Emma C. Bunker

Portrait of Emma C.  Bunker

Emma Cadwalader Bunker (19 June 1930, Haverford, Pennsylvania - 21 Feb. 2021, Denver, Colorado, USA) was an American scholar, archeologist, professor and author specializing in Eurasia, China and Cambodia and Asian art, whose reputation was posthumously questioned for her association with art dealer Douglas Latchford, and her implication in looted Khmer artifacts illegal trading.

According to the laudatory obituary The Denver Post published after her death, "she taught Art History at the Colorado College and mentored many aspiring scholars and artists. She served on numerous boards and committees of art museums and cultural institutions including Denver Art Museum, Asian Art Museum of San Francisco, Freer and Sackler Gallery, Center for Khmer Studies and Institute for the Study of the Ancient World." One year later, however, that same newspaper ran a scathing report accusing her of using the Denver Art Museum -- where an entire gallery still beared her name -- as a "laundromat" for stolen Khmer sculptures. In a subsequent editorial, the newspaper's editorial board stated: "We are dismayed that Christoph Heinrich, the director of the Denver Art Museum, has not publicly responded to the scandal. We worry the institution is hoping the storm will blow over without having to address the fact that not only is the museum housing artwork that was likely smuggled into the U.S. by art dealer Douglas Latchford and then legitimized by The Scholar Emma C. Bunker, but the Denver Art Museum’s complicity also helped give these two people legitimacy in the eyes of other buyers."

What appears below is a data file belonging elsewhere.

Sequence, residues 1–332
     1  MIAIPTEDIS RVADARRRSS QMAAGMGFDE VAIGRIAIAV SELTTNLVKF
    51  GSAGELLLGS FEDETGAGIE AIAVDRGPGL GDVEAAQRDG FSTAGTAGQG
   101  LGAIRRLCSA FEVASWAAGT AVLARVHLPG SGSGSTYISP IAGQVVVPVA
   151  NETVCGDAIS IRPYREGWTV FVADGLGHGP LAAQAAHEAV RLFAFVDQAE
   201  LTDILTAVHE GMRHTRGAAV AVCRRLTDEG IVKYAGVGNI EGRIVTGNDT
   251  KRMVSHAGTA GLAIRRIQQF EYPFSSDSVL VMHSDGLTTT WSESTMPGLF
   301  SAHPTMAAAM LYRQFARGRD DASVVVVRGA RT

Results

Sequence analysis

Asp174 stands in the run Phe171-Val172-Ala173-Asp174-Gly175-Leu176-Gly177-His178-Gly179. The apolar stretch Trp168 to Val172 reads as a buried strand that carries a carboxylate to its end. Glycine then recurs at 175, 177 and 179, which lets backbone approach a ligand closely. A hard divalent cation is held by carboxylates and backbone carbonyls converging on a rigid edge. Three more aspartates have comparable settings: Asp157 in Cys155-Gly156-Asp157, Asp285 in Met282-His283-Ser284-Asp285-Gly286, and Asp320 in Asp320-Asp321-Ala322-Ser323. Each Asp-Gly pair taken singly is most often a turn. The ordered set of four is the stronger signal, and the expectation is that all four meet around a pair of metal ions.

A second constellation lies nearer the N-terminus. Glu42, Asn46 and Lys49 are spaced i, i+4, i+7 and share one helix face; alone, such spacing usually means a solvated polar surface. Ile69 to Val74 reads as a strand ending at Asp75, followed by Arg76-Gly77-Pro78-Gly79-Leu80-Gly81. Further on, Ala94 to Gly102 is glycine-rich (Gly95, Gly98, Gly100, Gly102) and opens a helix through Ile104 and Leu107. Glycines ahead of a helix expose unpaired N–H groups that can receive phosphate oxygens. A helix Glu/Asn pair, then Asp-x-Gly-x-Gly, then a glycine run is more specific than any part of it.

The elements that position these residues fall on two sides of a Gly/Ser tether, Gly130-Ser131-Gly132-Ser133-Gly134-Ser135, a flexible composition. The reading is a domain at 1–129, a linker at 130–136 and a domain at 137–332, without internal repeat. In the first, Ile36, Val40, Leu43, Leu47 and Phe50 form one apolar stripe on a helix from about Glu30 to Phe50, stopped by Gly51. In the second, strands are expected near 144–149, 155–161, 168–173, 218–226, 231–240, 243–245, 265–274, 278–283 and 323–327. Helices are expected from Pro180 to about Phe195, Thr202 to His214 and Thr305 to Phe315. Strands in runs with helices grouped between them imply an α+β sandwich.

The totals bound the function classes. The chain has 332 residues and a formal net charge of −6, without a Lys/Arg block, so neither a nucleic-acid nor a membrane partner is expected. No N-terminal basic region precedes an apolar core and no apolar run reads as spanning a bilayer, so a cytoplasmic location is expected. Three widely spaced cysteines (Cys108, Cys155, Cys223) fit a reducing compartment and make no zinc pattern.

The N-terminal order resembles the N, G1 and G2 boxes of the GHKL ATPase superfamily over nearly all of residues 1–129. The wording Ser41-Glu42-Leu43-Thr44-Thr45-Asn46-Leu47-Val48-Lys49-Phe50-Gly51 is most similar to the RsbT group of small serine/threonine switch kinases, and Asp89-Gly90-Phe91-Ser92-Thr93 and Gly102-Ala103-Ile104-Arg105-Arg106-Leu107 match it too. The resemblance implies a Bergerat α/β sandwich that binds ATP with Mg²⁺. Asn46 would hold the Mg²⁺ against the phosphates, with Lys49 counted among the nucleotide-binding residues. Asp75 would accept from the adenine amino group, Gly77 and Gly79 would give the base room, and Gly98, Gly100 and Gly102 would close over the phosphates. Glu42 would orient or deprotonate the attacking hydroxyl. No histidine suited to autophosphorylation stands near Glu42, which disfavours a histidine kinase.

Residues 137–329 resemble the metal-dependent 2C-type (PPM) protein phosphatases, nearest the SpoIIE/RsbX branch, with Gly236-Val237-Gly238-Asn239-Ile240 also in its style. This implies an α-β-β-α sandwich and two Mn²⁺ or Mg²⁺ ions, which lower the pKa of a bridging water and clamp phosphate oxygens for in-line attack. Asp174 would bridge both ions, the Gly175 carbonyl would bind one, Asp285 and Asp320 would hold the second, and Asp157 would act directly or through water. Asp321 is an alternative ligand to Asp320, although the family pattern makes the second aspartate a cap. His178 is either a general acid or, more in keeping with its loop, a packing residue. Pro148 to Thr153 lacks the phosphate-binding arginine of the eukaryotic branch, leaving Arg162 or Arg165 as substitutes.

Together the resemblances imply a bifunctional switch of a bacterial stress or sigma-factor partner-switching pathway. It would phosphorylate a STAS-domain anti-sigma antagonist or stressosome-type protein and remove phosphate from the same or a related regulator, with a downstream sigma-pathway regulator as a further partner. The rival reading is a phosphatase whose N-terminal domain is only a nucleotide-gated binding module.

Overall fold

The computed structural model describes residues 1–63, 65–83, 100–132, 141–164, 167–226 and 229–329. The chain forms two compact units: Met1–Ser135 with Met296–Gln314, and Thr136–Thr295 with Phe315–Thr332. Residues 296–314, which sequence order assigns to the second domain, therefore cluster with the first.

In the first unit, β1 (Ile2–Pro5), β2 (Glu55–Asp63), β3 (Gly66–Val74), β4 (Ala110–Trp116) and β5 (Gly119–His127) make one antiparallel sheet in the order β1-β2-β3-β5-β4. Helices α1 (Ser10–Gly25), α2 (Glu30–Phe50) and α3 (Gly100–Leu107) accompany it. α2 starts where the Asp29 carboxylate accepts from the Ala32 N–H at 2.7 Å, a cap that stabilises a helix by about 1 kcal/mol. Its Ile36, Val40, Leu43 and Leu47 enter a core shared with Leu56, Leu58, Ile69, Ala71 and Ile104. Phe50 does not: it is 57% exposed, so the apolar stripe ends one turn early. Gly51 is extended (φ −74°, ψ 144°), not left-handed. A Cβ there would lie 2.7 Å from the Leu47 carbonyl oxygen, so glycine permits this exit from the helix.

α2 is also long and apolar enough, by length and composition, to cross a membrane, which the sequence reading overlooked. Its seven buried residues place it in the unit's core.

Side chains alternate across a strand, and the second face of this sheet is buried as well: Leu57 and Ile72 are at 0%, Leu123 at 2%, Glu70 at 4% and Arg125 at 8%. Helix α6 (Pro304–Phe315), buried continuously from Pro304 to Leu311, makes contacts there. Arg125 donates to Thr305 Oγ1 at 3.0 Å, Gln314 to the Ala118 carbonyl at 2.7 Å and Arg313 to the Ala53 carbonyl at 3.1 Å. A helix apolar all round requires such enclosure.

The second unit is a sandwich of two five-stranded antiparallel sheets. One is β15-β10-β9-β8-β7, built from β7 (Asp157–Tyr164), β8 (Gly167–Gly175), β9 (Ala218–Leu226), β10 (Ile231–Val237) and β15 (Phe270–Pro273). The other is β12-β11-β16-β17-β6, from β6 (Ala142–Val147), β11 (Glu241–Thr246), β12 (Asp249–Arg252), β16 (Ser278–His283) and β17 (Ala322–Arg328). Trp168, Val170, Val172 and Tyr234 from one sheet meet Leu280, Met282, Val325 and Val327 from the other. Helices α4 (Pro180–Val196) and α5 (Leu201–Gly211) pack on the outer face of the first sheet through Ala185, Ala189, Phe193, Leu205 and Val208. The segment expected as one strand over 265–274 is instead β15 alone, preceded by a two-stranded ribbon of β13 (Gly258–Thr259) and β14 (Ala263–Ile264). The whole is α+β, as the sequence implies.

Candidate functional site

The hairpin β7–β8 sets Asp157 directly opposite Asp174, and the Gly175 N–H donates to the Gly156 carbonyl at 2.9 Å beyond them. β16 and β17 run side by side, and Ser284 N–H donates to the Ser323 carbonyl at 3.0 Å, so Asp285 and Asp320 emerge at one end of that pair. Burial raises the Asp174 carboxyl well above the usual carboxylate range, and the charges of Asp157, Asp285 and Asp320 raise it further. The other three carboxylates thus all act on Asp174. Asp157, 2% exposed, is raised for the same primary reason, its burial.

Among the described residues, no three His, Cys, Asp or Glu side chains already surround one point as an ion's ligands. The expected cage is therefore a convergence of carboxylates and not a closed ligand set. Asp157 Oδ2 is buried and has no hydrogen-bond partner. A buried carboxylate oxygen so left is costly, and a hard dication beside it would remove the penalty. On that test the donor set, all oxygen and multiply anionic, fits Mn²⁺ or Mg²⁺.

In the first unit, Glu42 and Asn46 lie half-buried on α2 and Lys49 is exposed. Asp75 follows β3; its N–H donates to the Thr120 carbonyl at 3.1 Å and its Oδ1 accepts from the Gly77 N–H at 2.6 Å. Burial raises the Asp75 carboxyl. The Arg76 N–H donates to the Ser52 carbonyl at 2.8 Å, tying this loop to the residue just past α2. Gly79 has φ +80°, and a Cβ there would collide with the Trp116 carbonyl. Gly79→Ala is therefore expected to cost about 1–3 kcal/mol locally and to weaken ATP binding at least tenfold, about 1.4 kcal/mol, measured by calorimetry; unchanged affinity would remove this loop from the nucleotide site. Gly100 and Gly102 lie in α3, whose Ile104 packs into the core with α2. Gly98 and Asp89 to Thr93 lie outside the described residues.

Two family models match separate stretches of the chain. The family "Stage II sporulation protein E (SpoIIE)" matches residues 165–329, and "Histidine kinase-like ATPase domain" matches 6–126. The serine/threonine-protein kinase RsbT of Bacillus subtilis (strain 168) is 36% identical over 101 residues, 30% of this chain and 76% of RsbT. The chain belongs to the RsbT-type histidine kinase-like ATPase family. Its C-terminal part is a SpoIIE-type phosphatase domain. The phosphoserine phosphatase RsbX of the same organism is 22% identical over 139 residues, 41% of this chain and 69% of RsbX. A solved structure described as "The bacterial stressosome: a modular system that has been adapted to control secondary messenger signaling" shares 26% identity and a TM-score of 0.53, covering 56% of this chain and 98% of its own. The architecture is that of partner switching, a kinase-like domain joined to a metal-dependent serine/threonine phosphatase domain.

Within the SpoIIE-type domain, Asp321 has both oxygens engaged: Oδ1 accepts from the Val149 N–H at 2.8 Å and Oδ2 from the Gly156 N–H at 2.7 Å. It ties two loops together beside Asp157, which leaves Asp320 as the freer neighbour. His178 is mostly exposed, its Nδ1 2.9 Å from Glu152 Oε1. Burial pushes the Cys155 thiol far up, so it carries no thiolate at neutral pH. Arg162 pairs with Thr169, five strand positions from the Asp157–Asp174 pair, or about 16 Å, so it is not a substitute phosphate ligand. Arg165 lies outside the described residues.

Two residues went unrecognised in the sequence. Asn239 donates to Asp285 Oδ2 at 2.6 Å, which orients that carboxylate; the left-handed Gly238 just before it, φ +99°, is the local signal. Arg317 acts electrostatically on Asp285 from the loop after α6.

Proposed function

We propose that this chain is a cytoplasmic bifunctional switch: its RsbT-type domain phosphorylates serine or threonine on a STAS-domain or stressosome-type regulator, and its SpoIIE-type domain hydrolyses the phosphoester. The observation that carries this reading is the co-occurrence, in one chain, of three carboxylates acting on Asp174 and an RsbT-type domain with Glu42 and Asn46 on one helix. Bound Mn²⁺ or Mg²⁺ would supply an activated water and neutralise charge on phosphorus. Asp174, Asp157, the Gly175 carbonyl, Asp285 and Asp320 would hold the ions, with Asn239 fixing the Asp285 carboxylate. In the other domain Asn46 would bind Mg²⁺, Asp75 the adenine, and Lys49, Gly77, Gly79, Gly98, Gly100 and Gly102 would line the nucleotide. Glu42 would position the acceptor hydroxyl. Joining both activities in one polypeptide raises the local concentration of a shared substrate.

The Bunker Gallery, Denver Art Museum

This is a rare instance of an internationally-recognized researcher being named as an active accomplice in art trafficking. Emma "Emmy" Bunker's husband, John Bunker, a wealthy businessman and the son of businessman and diplomat Ellsworth F. Bunker (1894-1984) -- appointed US Ambassador to South Vietnam by President Lyndon B. Johnson in 1967–1973 and a staunch supporter of US incursions into Laos and Cambodia -- was also a donator to the Denver Museum and liked to give lectures on "business ethics". John Bunker worked for National Sugar Refining, a company founded by his grand-father and headed by his father.


Among her more than 50 published works, she co-authored with Latchford Adoration and Glory: The Golden Age of Khmer Art (Art Media Resources, 2004, ISBN-13: ‎978-1588860705), a book often quoted by art historians.